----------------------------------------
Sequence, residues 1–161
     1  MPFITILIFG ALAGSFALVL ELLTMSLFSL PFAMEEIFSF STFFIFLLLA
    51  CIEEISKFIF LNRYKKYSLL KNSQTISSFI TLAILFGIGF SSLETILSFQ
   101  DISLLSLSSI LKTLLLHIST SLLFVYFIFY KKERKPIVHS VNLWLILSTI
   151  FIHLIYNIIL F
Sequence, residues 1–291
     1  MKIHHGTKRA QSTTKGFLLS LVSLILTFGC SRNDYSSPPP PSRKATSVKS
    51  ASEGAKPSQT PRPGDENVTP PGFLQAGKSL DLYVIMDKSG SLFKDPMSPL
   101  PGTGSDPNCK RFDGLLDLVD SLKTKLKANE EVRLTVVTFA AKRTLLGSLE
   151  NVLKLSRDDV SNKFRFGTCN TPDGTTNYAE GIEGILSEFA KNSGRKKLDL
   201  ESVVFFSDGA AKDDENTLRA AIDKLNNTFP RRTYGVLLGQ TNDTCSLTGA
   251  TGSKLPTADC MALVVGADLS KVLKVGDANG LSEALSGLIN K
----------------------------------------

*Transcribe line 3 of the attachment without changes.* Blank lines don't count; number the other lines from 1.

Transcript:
    51  CIEEISKFIF LNRYKKYSLL KNSQTISSFI TLAILFGIGF SSLETILSFQ